Brainmarks

Album Cover: Wincing the Night Away

"It's like I'm perched on the handlebars of a blind man's bike."
The Shins / Spilt Needles

Posted on March 12, 2006 3:15 PM in Computers
Warning: This blog entry was written two or more years ago. Therefore, it may contain broken links, out-dated or misleading content, or information that is just plain wrong. Please read on with caution.

There is no denying that data collection and storage has come a long way thanks to computers and the Internet. In recent years, the idea of tagging and bookmarking has revolutionized the way people save data they find online. While some people store all their bookmarks in one place, like del.icio.us, Ma.gnolia or directly in their browser, there are many, I'm sure, who are like me and store pseudo bookmarks in numerous places.

Before the whole "web too oh" thing caught on, I typically saved links in my browser. In recent years, I've dabbled with del.icio.us, I've stored links I want to share with my blog's readers in my B-Sides, I've certainly stored some links to content in the most appropriate places, and I've saved many a feed entry in my Bloglines account for later reading or reference.

Even though I have all these great folksonomy tools available, my organization is still quite a bit unorganized. Why? Well, I think it's because my brain is the best bookmarking tool I have. I don't have to remember any URIs to access information. I don't have to remember any tags either. The second I need something, it's there in my head and ready to go. It doesn't matter if my computer is turned off, if I'm stuck on an airplane seat, if I've just woken up, if I'm in the middle of a meeting...it's information that is available to me any time and any place.

The problem is, when you combine this ease of access with the frustration that can come out of unorganized data, you're still left with frustration. I can't begin to tell you how many times I've been blogging about something, remembered an article or blog post I had read in the past, and then struggled to look for it only to find that it wasn't saved in any of the tools I described previously. Not being able to access the information typically weakened my argument or point in most cases.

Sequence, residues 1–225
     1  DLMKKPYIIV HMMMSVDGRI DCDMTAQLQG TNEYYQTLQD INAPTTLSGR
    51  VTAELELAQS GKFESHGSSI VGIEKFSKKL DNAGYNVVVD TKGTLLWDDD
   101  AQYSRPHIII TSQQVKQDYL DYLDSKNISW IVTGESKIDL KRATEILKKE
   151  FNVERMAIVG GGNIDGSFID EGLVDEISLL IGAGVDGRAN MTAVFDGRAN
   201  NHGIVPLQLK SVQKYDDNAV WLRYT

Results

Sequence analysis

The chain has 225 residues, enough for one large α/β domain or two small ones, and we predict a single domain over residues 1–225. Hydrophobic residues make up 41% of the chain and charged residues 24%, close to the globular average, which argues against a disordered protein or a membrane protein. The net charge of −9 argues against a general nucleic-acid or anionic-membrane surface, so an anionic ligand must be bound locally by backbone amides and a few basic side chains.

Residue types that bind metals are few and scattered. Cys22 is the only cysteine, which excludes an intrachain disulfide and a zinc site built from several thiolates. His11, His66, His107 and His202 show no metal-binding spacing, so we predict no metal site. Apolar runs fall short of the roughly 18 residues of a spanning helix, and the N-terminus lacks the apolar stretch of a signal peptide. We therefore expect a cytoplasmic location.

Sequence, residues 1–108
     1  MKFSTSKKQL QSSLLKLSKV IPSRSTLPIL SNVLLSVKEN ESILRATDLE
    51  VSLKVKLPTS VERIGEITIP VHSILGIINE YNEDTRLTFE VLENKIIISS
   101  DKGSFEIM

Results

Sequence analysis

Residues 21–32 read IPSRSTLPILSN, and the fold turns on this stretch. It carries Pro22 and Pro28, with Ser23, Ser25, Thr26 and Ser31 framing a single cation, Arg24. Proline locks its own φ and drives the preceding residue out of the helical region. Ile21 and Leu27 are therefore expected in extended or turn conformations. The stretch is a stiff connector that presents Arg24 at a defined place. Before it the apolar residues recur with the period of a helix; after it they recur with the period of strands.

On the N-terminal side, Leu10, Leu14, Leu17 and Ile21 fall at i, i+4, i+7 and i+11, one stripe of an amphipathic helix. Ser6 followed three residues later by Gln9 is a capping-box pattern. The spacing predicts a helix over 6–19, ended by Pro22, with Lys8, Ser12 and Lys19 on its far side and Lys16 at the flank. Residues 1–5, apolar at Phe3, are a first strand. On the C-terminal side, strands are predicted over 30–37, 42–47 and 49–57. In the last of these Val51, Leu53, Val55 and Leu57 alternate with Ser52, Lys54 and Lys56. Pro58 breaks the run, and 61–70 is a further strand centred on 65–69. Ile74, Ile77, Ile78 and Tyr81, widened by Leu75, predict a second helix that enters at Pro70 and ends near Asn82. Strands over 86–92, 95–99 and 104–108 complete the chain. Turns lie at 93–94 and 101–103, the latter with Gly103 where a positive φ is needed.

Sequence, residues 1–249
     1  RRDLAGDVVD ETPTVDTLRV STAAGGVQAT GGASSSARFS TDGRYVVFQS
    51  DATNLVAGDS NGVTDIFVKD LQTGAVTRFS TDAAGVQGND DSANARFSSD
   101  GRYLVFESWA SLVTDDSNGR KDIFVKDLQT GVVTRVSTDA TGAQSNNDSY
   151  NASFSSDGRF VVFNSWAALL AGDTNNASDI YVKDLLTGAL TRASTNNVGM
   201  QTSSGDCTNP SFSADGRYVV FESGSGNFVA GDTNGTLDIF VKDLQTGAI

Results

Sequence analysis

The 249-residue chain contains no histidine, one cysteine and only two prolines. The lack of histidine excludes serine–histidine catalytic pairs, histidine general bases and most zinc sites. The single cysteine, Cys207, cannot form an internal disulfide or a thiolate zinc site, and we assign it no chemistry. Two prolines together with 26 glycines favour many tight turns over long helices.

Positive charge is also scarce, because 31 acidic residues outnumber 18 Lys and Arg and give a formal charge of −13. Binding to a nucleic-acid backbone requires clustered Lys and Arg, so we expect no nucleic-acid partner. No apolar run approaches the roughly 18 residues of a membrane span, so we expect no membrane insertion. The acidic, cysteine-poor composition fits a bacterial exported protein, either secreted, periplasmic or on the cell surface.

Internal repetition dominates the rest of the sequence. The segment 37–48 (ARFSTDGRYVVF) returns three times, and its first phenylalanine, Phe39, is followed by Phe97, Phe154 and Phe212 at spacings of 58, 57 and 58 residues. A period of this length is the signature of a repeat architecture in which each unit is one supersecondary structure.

So what is the solution to this problem? I don't know. Some people might argue that utilizing a tool like del.icio.us exclusively might solve the problem, but I'm not so sure I can agree with that. For one, there are some things I read that are personal (either professionally, creatively, or just plain personally) that I don't want just anyone to have access to. So maybe use my browser exclusively? Well, right now it isn't straightforward to have access to my browser's bookmarks from anywhere.

The same argument holds for my browser's cache. When I remember that I read something interesting at a link that came from a blog that Robert Scoble linked to, for example, it's really hard for me to figure out how to retrace those steps and find that content. Even if it's cached on my hard drive somewhere (but remember, I don't have access to this anywhere else). Maybe it wasn't interesting enough to bookmark at the time, but now that I've started thinking about something it has become important. My brain may have plenty of useful information, like what colors the page used or maybe even the particular blog template. I may remember I viewed it on Tuesday as well, but just how helpful is this information? Usually my only option at that point is to paraphrase, which I'd rather not do if I can avoid it, especially if I can't link and give credit where it is due.

If what I've been hearing about the Google Drive is true, there may be more options for solving this problem. If my browser allows me to mark any site I read as potentially important (but not necessarily bookmark material), and at the same time gives me all the meta data searching capabilities it can to help me track down information from those potentially important sites, it would eliminate the need for me to be overzealous in my bookmarking habits and also allow me to stay out of my cache (which will typically contain more noise than anything else). If that data ends up on my own Google Drive that is accessible to only me, then maybe I'd be getting somewhere. That of course brings up all the usual privacy concerns, but the gains may outweigh the losses on that one.

Anything that allows me to use my brain to more efficiently find and utilize data is a good thing. I think I've presented more problems than solutions here, but it will certainly be interesting to see how the world of folksonomy changes over the next few years.

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